Obstructive Sleep Apnea – also called obstructive sleep apnea syndrome – occurs when there are repeated episodes of complete or partial blockage of the upper airway during sleep. During a sleep apnea episode, the diaphragm and chest muscles work harder trying to open the airway. Breathing usually resumes with a loud gasp, snort, or body jerk. These episodes can interfere with sound sleep. They can also reduce the flow of oxygen to vital organs and cause irregularities in heart rhythm.

There are a number of factors that can contribute to sleep apnea. A thick soft palette and enlarged uvula are one of the most common reasons for upper airway obstruction. Other contributing factors could be a person’s body mass index, social habits, possibly heredity, or thyroid disorders.

Once a sleep study is performed, this will determine your level of sleep apnea.  If you have mild or moderate sleep apnea, you may be a candidate for CPAP.  This is a machine that is used at night to deliver oxygen and pressurized air.   If the CPAP machine is intolerable or does not improve your sleep apnea, you may be a candidate for a UPPP.

Uvulopalatopharyngoplasty (UPPP)

Uvulopalatopharyngoplasty is a procedure that removes excess tissue in the throat to make the airway wider. This sometimes can allow air to move through the throat more easily when you breathe, reducing the severity of obstructive sleep apnea.

The tissues that are removed may include:

  • The soft fingerlike tissue that hangs down from the back of the roof of the mouth into the throat (uvula)
  • Part of the roof of the mouth (soft palate)
  • Excess throat tissue, tonsils, and adenoids

What to Expect After Surgery

You may need continuous positive airway pressure therapy (CPAP) therapy after surgery. CPAP therapy uses a breathing device that you wear at night that helps you breathe more easily and prevents your airway from closing during sleep.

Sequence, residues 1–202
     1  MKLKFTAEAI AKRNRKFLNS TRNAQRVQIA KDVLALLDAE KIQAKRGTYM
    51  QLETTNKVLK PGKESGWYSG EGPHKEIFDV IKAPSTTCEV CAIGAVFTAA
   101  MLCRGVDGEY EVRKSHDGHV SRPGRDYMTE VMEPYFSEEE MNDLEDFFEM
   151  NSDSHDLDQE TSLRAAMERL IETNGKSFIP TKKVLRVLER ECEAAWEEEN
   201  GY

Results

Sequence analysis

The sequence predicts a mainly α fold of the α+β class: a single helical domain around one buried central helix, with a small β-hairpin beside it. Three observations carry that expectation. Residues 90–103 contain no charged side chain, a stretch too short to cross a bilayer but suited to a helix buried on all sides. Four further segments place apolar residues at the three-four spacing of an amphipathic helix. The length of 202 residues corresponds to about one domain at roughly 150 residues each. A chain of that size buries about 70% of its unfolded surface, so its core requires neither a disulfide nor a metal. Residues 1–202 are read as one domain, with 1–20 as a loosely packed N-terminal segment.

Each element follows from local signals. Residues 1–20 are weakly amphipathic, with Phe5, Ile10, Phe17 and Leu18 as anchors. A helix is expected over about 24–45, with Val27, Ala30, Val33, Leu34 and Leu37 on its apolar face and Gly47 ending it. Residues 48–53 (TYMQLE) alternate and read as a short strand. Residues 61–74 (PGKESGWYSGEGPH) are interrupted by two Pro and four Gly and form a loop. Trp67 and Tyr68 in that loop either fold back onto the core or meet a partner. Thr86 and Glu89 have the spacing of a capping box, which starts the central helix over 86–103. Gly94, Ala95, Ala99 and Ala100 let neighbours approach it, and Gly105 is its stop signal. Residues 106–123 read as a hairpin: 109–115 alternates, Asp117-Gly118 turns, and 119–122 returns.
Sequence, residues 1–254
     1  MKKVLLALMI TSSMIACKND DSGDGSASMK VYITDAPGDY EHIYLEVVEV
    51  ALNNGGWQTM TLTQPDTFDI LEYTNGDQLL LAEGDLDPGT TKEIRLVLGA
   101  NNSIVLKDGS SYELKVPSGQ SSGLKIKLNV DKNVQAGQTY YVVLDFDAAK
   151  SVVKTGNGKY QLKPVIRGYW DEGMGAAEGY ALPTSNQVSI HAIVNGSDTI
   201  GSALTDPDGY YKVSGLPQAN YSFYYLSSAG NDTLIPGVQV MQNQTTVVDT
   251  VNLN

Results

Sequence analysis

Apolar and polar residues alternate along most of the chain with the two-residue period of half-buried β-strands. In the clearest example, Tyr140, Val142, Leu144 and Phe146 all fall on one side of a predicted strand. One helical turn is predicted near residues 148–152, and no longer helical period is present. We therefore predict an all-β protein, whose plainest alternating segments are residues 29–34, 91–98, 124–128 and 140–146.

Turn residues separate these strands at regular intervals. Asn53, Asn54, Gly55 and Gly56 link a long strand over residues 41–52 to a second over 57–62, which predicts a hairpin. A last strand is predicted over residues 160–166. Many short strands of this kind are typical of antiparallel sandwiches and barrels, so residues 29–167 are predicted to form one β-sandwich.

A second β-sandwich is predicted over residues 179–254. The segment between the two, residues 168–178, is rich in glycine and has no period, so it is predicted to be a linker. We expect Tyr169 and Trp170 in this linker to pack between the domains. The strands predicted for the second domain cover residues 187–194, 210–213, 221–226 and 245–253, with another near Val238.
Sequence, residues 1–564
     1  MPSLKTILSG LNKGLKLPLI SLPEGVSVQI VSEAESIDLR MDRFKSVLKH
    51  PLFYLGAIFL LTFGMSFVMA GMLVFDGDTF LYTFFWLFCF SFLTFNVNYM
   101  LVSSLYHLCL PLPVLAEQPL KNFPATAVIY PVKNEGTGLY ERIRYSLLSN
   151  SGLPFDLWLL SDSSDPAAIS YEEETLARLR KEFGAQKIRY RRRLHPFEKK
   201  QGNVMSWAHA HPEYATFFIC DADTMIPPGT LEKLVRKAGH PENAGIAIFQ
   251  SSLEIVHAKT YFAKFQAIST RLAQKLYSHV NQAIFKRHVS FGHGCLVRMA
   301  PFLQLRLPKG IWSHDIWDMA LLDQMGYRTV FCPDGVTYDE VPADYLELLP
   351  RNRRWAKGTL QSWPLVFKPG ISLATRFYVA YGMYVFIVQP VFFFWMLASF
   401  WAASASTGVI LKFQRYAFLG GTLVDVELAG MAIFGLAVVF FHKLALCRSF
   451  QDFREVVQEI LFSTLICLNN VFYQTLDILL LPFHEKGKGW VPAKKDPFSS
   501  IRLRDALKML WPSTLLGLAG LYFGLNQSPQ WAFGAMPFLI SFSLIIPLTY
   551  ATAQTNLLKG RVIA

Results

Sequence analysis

Some pain medicines can relax the throat muscles. You may have to avoid these medicines after surgery to make it less likely that your airways will narrow and cause apnea episodes.

How Well it Works

Results from UPPP are variable, depending on the severity of obstructive sleep apnea and degree of airway obstruction.

UPPP may stop snoring, but apnea episodes may continue.

Even if surgery successfully removes the blockage, you may still need CPAP after surgery, again depending on other contributing factors.


Complications during surgery include accidental damage to surrounding blood vessels or tissues.

Complications after surgery may include:

  • Sleepiness and periods of not breathing (apnea) related to the medicines that are used to relieve pain and help you sleep
  • Swelling, pain, infection, or bleeding
  • Speech problems – the surgery may result in a nasal quality to the voice
  • Narrowing of the airway in the nose and throat

What to Think About

Before considering surgery, you should try CPAP.

You will need a sleep study after UPPP surgery to find out if your sleep apnea has improved. If you still stop breathing at night, you may still need CPAP.

Laser-assisted uvulopalatoplasty is sometimes used to treat mild to moderate obstructive sleep apnea, although not all people benefit. This procedure is not approved by the American Academy of Sleep Medicine to treat sleep apnea.

People who are obese or who have some other illnesses are more likely to have complications after UPPP.